Radiology Partners (RP) comprises more than 80 practices spanning the country, connecting a vast network of radiologists and subspecialty expertise. Shara Zook, practice director for Greensboro Radiology, is thankful for the span of RP’s reach.
Shara’s parents, Kathy and Tom Mizelle of Greensboro, North Carolina, were breaking in their new RV on a cross-country trip in March 2021. While stopped overnight in a suburb of Phoenix, Kathy began experiencing symptoms of a stroke. “I realized she was probably having a stroke because of her facial expression,” Tom explained. He called 911, and first responders rushed her to the emergency department.
Immediately, Shara coordinated her travel to Phoenix while simultaneously discussing her mom’s case with RP colleagues. She spoke briefly with Dr. Chris Mattern, then practice president of Greensboro Radiology and associate chief medical officer (ACMO) for radiologist experience, who let her know that Dr. James Lyons, ACMO for clinical operations for the west area, was at the same hospital as Kathy. Before Shara even boarded her plane, Dr. Lyons reached out to Shara to check on her and assure her that he was reviewing her mom’s information.
“Dr. Lyons was there, and he was part of the RP family.” – Shara Zook
Kathy recovered quickly and continued her trip. After the Mizelles arrived home in July, Tom noticed Kathy was experiencing memory issues. At the emergency department in Greensboro, doctors confirmed Kathy had suffered another stroke, and a transesophageal echocardiogram detected a large clot in Kathy’s heart. On July 23, doctors performed a removal of a left atrial clot and performed a pericardial patch closure of an atrial septal defect, and after, Kathy was able to return home.
One month after her procedure, Kathy was struggling with breathing and was admitted to the hospital with a large pericardial effusion. The next day, she underwent a subxiphoid pericardial window procedure. The day after, doctors discovered fluid collected in her right subpectoral region and placed a right chest tube. A week later, they performed video-assisted thoracoscopic decortication of a persistent loculated right pleural effusion. By the end of September, Kathy remained hospitalized with four chest tubes, outputting 700-900 milliliters of chylous fluid every day.
“My dad reached out and said they were discussing a procedure that needed to be done by interventional radiologists,” Shara said. “I perked up a little and I said, ‘Now I can help here.’”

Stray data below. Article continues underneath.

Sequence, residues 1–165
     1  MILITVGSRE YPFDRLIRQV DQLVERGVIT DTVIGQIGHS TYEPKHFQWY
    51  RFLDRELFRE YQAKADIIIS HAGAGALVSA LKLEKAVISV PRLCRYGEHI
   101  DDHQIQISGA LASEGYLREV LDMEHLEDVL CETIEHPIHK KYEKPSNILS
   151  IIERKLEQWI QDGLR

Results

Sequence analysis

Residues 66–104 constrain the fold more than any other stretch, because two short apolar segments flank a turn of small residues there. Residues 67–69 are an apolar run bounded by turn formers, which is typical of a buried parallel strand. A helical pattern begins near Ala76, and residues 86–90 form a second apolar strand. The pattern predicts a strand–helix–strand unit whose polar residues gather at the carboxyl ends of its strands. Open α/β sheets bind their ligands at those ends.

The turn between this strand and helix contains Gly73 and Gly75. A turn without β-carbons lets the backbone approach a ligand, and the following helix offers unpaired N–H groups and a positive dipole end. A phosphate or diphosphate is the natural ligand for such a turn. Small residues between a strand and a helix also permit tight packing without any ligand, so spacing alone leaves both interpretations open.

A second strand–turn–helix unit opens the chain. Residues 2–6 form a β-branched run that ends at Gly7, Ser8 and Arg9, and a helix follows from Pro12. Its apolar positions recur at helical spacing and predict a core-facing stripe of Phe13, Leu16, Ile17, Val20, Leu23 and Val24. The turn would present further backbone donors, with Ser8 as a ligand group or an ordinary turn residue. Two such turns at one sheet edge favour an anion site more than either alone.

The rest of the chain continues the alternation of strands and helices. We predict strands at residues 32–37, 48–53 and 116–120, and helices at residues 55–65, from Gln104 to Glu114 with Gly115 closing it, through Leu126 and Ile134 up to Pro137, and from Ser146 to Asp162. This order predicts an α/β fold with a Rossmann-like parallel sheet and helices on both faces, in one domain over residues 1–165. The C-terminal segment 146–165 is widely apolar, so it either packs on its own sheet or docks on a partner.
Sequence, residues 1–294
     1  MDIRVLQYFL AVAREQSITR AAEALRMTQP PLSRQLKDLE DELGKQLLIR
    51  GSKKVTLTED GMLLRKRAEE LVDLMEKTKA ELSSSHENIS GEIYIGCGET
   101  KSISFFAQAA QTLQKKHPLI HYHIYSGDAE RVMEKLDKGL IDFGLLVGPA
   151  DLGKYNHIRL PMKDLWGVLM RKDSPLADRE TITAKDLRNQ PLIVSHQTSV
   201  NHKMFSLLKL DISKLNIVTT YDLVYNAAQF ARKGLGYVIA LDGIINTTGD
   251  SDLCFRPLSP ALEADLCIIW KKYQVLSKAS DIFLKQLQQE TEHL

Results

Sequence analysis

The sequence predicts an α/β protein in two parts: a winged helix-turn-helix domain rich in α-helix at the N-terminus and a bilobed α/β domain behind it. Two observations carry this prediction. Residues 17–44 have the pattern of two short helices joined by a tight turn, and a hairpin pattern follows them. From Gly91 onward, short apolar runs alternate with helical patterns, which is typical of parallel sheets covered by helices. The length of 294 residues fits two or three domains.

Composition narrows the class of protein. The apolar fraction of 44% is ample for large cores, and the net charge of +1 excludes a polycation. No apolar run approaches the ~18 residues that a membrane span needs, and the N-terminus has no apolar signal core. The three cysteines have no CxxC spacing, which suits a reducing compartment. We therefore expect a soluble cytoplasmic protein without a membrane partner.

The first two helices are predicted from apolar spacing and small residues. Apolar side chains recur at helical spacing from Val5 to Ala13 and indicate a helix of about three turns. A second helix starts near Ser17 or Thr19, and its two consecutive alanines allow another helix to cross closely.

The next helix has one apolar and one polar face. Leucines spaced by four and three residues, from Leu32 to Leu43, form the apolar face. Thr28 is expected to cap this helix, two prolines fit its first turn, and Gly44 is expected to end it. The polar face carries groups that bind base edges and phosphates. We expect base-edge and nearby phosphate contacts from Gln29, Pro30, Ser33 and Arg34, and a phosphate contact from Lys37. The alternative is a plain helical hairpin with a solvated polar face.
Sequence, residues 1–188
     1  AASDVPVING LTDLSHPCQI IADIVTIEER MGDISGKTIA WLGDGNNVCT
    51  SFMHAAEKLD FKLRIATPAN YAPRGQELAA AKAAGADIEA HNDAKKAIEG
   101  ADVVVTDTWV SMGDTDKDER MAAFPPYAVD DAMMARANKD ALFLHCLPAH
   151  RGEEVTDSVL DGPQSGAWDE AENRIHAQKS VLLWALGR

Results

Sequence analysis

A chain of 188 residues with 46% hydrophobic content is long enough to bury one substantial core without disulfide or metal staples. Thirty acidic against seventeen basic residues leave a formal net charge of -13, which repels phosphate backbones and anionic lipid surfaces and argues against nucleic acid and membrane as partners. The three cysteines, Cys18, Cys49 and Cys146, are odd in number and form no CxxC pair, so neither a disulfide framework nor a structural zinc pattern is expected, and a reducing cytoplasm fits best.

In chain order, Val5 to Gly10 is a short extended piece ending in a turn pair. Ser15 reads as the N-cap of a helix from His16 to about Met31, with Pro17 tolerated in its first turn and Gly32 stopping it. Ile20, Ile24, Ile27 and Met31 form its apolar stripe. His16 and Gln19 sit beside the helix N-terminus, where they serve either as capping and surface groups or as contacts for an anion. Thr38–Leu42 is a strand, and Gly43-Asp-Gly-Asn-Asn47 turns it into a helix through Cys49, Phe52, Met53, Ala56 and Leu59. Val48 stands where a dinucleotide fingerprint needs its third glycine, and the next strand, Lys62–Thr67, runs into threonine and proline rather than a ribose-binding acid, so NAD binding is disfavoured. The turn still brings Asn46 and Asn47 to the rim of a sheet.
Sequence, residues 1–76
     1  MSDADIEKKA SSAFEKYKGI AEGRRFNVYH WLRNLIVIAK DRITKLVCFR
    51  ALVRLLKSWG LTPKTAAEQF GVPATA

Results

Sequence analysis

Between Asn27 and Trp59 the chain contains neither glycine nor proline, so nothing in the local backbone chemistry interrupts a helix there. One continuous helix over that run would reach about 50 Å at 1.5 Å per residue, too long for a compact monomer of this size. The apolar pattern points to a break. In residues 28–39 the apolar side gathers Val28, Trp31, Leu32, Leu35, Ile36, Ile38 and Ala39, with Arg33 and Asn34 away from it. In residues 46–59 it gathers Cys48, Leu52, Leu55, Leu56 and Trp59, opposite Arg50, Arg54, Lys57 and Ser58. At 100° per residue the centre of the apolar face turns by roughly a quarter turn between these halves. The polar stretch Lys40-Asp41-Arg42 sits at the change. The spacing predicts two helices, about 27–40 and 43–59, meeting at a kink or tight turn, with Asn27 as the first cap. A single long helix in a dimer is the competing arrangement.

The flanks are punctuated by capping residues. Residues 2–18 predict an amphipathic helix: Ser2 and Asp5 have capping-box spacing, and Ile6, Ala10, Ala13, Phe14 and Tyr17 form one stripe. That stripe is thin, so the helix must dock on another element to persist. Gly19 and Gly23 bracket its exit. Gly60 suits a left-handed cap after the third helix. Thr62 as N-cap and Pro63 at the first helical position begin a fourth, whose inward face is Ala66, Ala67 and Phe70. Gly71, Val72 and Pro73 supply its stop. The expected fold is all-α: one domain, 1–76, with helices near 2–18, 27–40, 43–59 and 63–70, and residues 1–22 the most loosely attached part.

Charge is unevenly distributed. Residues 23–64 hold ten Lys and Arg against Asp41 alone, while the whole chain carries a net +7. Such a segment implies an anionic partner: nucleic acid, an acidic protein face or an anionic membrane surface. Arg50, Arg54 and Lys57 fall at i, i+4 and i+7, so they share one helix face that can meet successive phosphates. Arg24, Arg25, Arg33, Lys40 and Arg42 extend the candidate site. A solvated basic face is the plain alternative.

Shara’s colleagues at Greensboro Radiology were able to review Kathy’s case and confirmed a lymphangiogram and thoracic duct embolization could help her tremendously. They scheduled the procedure with Dr. Heath McCullough, interventional radiologist at Greensboro Radiology, within a few days.
“Thoracic duct embolization is one of the more challenging procedures that we perform in the hospital setting,” Dr. McCullough explained. There are three stages to the procedure. The first stage is to successfully perform the lymphangiogram, which is typically done by ultrasound-guided puncture of the lymph nodes and a slow installation of iodinated poppy seed oil known as Lipiodol. “Once that Lipiodol gets up to where it coalesces in the thoracic duct, you must try to do a percutaneous puncture of the thoracic duct,” he explained. “It’s very small, usually between 3-5 mm.” The third stage is following the thoracic duct all the way up into the chest where it empties into the subclavian vein on the left. “Coil and glue embolize it to stop the antegrade flow of lymph fluid through the chest and block off the leak.”
The day after the procedure, the leak of chylous fluid had decreased from between 700-900 mL to 250. By day two, the fluid was down to 50 mL, and by day four, the fluid had reduced to less than 10 mL, and Kathy’s care team successfully removed her chest tube.
“We were very, very privileged to be a part of her care that helped to get her to that point.” – Dr. Heath McCullough
“I don’t know that anybody had any idea this procedure was going to be so profound,” Kathy said. “I know I didn’t. It was like a whole different person woke up the next day.”
After additional time in the hospital to recover from the number of procedures she had faced in such a short amount of time, Kathy was able to go to rehab and eventually home.
Tom continued, “I want to make sure we express our gratitude for the care that Kathy received. We just appreciate the professionalism and the care and the genuine concern for not only Kathy but for me as well.”
“It completely changed my perspective and how I think about what we’re doing,” Shara said. “I will be eternally grateful for Dr. McCullough and the success he had with that procedure.”
Radiology Partners is the largest physician-led and physician-owned radiology practice in the U.S. For the latest news from RP, follow us on Twitter, LinkedIn, Instagram, YouTube and the RP blog. Learn more about interventional radiology at RP. References to Radiology Partners, RadPartners and RP include its managed and owned medical practices that provide radiology services to patients throughout the United States.